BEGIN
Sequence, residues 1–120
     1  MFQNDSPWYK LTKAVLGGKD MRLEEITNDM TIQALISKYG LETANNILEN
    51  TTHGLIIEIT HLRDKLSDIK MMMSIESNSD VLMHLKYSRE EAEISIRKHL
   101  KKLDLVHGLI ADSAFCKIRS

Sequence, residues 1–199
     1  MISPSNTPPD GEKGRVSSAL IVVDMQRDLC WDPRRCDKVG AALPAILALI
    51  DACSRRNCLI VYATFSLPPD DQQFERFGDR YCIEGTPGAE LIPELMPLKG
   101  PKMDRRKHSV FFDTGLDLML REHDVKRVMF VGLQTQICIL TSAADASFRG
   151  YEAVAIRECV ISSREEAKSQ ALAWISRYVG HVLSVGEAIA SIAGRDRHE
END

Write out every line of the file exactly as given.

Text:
Sequence, residues 1–120
     1  MFQNDSPWYK LTKAVLGGKD MRLEEITNDM TIQALISKYG LETANNILEN
    51  TTHGLIIEIT HLRDKLSDIK MMMSIESNSD VLMHLKYSRE EAEISIRKHL
   101  KKLDLVHGLI ADSAFCKIRS

Sequence, residues 1–199
     1  MISPSNTPPD GEKGRVSSAL IVVDMQRDLC WDPRRCDKVG AALPAILALI
    51  DACSRRNCLI VYATFSLPPD DQQFERFGDR YCIEGTPGAE LIPELMPLKG
   101  PKMDRRKHSV FFDTGLDLML REHDVKRVMF VGLQTQICIL TSAADASFRG
   151  YEAVAIRECV ISSREEAKSQ ALAWISRYVG HVLSVGEAIA SIAGRDRHE